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No one in baseball hit the ball harder in spring training than Red Sox first baseman Mo Vaughn, and so far he has kept his promise that the bashing would continue all year. "People thought it was a fluke, but now we're two months into the season," he says. "I knew it was no fluke."

Through Sunday, Vaughn was hitting .331—fifth-best in the American League—for a Boston team that was 10th in the league in runs scored and last in home runs. As the lone force in the middle of the Red Sox lineup, the 25-year-old Vaughn led Boston with seven homers, 31 RBIs and a .412 on-base percentage. "This is the most fun I've ever had playing baseball," he said last week.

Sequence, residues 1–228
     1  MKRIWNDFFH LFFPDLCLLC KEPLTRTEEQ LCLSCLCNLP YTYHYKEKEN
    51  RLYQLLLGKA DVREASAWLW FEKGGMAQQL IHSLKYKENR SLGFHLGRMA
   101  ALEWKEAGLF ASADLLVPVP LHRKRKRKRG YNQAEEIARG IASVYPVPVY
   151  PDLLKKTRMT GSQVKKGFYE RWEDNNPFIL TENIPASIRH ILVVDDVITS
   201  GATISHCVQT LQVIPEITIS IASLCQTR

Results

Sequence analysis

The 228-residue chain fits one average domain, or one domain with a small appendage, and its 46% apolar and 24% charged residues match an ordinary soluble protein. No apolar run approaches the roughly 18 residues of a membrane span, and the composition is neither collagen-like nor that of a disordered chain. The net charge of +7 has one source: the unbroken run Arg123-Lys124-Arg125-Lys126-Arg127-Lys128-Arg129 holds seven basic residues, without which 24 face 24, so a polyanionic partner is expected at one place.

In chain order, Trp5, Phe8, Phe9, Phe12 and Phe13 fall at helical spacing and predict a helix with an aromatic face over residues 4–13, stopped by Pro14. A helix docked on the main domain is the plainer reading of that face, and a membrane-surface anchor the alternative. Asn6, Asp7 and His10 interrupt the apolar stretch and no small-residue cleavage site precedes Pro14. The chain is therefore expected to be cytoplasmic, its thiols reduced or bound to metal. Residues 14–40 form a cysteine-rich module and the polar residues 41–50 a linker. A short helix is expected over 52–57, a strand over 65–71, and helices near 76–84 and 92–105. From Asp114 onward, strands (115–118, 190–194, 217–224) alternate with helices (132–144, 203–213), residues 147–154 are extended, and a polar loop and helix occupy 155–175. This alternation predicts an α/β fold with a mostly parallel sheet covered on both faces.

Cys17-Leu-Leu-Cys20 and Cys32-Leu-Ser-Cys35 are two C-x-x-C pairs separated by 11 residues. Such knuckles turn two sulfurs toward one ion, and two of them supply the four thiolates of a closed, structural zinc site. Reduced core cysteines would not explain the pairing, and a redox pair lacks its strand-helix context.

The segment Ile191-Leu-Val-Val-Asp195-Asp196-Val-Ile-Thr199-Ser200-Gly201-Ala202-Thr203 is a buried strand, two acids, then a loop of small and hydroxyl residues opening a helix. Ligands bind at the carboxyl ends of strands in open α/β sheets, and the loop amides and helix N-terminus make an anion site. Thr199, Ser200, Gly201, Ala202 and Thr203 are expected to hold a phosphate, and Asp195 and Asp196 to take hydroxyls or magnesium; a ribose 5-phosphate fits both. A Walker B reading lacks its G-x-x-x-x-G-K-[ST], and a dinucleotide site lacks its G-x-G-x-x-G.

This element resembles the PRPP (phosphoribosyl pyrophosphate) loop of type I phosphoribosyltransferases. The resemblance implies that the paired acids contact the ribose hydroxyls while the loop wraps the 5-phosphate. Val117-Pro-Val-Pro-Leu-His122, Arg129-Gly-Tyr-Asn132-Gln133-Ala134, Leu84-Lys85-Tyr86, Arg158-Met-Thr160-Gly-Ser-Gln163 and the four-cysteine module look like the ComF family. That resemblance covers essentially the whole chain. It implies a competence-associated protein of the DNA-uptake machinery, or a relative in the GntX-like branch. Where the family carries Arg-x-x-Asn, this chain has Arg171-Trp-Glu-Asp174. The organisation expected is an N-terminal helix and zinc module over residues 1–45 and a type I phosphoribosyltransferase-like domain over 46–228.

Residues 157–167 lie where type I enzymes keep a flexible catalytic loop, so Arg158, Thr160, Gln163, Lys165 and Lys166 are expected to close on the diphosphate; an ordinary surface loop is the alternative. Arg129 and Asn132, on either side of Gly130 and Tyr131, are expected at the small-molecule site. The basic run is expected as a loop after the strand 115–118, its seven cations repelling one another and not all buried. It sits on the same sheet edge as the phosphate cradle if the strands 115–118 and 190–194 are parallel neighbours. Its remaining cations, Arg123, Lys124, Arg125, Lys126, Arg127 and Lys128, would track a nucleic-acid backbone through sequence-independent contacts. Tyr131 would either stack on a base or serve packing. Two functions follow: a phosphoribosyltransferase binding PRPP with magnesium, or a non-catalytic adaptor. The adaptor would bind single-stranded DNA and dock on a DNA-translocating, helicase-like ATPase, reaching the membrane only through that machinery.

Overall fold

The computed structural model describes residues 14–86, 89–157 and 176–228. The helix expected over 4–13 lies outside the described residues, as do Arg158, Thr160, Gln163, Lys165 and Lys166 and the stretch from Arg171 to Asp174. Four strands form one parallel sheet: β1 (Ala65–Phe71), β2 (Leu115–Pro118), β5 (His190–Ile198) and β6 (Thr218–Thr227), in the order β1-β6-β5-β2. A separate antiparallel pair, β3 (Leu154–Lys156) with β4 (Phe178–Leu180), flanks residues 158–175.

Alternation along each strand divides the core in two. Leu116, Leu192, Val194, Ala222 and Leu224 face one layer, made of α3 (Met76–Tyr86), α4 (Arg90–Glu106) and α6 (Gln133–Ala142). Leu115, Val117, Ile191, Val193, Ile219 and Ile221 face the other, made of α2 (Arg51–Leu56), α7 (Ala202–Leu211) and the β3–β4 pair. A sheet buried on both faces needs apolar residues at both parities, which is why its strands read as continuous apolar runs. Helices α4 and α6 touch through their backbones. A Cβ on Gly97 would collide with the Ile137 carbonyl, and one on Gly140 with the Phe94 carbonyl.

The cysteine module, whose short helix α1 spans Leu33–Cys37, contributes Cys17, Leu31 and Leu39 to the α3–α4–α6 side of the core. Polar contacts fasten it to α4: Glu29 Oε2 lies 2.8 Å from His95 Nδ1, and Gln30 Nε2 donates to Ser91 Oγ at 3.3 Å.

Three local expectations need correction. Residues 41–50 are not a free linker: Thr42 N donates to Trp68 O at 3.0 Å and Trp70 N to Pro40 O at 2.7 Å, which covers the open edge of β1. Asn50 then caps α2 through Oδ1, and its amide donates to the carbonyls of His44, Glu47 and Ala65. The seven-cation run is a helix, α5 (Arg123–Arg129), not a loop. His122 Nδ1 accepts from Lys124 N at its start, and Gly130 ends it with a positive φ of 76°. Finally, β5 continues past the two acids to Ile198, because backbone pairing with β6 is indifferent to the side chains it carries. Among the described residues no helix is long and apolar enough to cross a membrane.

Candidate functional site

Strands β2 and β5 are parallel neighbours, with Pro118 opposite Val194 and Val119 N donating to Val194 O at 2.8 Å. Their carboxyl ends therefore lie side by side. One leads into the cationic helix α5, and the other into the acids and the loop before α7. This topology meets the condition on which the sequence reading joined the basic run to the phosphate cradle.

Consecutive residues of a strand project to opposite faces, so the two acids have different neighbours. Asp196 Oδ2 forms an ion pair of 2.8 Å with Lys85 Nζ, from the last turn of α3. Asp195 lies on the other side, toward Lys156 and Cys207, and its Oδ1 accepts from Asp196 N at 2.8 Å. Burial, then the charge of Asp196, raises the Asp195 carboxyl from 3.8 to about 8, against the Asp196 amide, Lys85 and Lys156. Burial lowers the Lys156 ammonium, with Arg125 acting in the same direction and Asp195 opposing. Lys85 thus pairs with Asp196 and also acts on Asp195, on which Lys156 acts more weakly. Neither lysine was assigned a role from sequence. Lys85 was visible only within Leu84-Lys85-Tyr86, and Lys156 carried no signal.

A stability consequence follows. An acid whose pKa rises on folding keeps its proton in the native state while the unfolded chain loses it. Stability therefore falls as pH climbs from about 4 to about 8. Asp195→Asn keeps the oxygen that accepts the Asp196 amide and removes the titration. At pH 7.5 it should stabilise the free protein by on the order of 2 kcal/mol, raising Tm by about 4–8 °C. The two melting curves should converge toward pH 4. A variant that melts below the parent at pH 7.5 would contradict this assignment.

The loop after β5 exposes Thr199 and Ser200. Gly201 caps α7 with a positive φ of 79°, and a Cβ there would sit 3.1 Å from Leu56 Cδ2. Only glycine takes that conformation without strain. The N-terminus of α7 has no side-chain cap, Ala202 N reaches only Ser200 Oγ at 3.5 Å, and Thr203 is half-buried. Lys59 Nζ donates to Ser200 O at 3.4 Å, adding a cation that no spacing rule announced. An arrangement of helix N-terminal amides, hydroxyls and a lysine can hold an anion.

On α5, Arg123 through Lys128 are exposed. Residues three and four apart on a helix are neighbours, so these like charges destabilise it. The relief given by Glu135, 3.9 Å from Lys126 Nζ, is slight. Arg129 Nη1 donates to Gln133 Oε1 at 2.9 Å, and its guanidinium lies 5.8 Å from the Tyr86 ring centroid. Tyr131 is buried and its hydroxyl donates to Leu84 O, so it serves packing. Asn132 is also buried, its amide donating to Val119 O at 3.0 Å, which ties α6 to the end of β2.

A year ago he was miserable. On May 11, 1992, Vaughn and his .185 average were sent to Triple A Pawtucket—a stinging demotion for a player billed as Boston's first baseman of the future. He argued vehemently with manager Butch Hobson about the decision and still distrusts Hobson because of it. Vaughn was recalled from Pawtucket after six weeks to finish the major league season with a .234 average, 13 homers and a bad taste in his mouth.

"Lord knows I've had a lot of adversity," says Vaughn, who considered quitting last year, an option that was supported by his parents. "A lot of things were said about me—like when I went down, that I'd never come back. It was like I was a bad person or something. I had to make sure that wasn't the case. Sec, in Boston they want success right away. You can't afford to have any problems."